Vijay Harare recalling India vs Australia 4th Test Adelaide 1947-48. Three Tests went and I had yet done nothing of note. I (Vijay Hazare) had done well in other matches and felt confident of acquitting myself creditably if only the weather gods would be kind enough. Although two up, Australia fielded their strongest side. Occupying the crease for the first two days of this six-day encounter, the hosts gave us a lot of leather hunting. By the end of the first day, they were on their way to a mammoth first-innings total and were 370 for only 3 wickets.
Don Bradman(that man again) reached another milestone in his, career by making his 37th double century when I bowled him. Australia finally totaled 674. A win for us was now totally out of question. It only remained to be seen whether we could save the Test or make a match of it. After a couple of early reverses, Vinoo Mankad and Lala Amarnath both played well and got into their forties. Both were out when well set and our scoreboard read 133 for 5.
I felt in, form on the true Adelaide wicket. The consistent Dattu Phadkar seemed to share the same feeling. Together we hoisted the 200 of our innings. I reached my first Test fifty and as I was batting well, was soon on the way to fit first Test Century. By the end of the third day’s play, I was still batting with 108 with Phadkar having made an unbeaten 77. We were still in the game as our scoreboard read 308 for only 5 wickets.
Both Phadkar and I were subjected to several short-pitched deliveries by Ray Lindwall and Keith Miller. We dealt with them effectively. Dattu Phadkar looked very courageous in his hooking and his strokes were perfectly timed. The next morning I was adjudged L.B.W. for 116. As it happens after the termination of a long stand, wickets tumbled in quick succession, and despite Phadkar’s desperate efforts our first innings ended quickly for just 381. It was an anticlimax to our earlier fight back.
Dattu Phadkar, however, had the satisfaction of registering his first Test hundred. We failed to save the follow-on and were sent in again. The wicket now four days old, was showing signs of wear. Ray Lindwall struck a quick blow with his Yorkers and fiery stuff and in his first spell claimed both Vinoo Mankad and the skipper. Once again I found myself wending my way to the wicket. I (Vijay Hazare) decided to stay at the wickets as long as I could because we had to save the Test. For the second time in the match, I found my true form and I was facing the opposing attack with all the confidence in the world. Ray Lindwall and Keith Miller had a go at me. Then came the wily stuff of the spinners.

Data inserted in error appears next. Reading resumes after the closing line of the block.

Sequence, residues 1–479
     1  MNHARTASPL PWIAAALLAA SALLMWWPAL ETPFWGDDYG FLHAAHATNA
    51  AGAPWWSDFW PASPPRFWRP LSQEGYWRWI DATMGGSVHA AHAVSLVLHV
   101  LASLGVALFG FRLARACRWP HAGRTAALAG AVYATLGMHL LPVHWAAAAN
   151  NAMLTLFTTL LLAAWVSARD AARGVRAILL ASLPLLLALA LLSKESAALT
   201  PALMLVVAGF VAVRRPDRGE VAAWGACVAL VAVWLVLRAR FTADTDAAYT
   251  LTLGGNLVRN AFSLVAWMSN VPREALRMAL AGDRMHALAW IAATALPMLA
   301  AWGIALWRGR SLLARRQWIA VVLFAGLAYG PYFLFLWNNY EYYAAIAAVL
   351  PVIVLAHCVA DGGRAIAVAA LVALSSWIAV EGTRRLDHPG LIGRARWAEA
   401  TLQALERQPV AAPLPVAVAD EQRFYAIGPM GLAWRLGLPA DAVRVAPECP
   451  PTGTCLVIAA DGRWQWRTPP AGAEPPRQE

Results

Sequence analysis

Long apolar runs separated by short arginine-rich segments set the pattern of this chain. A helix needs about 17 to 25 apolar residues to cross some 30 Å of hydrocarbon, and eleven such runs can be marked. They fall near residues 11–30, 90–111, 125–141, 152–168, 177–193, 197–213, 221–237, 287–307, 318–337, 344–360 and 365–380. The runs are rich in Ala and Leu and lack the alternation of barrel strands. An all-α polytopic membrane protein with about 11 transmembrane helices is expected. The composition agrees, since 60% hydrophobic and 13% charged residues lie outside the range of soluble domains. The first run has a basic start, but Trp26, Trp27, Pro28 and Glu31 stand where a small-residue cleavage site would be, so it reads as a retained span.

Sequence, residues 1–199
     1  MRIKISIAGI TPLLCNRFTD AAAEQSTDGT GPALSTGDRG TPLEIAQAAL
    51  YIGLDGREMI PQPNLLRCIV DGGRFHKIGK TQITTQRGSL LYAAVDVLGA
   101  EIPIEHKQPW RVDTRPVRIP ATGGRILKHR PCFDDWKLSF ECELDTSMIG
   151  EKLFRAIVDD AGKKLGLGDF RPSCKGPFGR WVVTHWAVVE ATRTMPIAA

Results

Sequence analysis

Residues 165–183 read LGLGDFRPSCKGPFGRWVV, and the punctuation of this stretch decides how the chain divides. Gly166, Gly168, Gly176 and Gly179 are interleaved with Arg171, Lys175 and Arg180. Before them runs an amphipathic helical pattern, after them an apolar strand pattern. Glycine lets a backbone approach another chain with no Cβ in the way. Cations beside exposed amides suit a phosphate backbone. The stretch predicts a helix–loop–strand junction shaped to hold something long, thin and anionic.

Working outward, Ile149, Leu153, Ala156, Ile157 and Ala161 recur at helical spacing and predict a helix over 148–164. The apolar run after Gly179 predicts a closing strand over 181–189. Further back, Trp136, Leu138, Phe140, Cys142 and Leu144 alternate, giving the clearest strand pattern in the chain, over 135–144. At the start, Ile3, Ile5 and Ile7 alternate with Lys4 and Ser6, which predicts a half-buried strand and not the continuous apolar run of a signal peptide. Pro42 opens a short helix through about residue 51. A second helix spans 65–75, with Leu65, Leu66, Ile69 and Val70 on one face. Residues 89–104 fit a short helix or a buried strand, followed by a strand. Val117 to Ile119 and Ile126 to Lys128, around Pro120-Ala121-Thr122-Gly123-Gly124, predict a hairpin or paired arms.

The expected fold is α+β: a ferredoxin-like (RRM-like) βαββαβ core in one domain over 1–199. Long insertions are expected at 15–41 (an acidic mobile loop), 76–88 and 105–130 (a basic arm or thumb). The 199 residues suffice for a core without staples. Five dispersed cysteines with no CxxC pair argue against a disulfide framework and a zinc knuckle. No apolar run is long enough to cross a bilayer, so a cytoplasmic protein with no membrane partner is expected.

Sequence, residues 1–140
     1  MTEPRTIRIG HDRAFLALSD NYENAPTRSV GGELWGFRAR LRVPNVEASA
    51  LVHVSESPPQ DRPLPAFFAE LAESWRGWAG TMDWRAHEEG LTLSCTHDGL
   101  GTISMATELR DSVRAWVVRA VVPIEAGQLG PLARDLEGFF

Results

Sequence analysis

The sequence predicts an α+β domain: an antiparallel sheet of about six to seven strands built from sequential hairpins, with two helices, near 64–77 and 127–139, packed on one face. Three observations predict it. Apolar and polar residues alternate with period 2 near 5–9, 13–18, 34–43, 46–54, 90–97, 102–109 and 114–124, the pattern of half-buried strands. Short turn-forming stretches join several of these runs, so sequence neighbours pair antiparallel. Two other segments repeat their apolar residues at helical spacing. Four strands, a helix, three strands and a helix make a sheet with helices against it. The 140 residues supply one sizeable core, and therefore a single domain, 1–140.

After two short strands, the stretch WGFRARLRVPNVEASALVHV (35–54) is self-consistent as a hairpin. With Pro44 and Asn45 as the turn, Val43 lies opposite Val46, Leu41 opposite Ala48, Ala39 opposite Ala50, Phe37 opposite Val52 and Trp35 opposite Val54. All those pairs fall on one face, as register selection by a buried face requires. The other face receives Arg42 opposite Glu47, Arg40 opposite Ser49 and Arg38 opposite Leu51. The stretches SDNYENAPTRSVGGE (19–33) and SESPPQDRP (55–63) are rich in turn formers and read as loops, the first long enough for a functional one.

Finally, Donald Bradman asked Sid Barnes to have a go. But this time I was on my guard. Finding that unorthodox tactics would not pay, the Australian Captain soon called his regular bowlers for a Fling. Wickets continued to fall at the other end till Hemu Adhikari at No. 8 took root. I went on and by the end of the day, I had once again scored a century. I was 102 not out and our total was 174 for 6. Two separate centuries in a Test! It seemed too good to be true. But I had achieved it. I became the first Indian to achieve this rare feat in a Test. Bradman had done it in the present series and I was next on the list. I never started with the intention of doing it. But as my side needed all the runs I could muster, I went on and on.
Amongst all this very flattering shower of words of appreciation and acclaim, the few uttered by one who was meeting me after a decade lead all the rest. I met my mentor Carrie Grimmett, who was the happiest man in Adelaide that January day. I had the pleasure and the privilege of being invited to a dinner at his place where we compared notes and reminisced a lot. For me, it was a sentimental occasion. I had all along wanted to live up to Grimmett’s expectations about me. I had done my best in Indian cricket and a little on the English tour.
Here on the Australian trip too, my performances in State matches were up to the mark. But in the Tests till the one at Adelaide, I had not come off. I could almost sense Grimmett’s disappointment as much as I felt my own is not coming up to mark in the Tests. I was all along like a favorite horse who fails to -win a race. Though not interested, in this game of kings, I could understand how Grimmett must have felt when he saw me remaining behind in the race for runs. Not that my shrewd and practical ‘Guru’ was a gambler himself. But this modest success of mine pleased him no end.
As a matter of coincidence, I may mention that Adelaide seems to favor twin Test centuries. The first to achieve it was Wally Hammond on his first tour. After the war, Denis Compton and Arther Morris did it in the same match for opposite sides. I came next but that was not the last time Adelaide inspired a cricketer. Almost 13 years later Kati of the West Indies joined us. Rather interesting!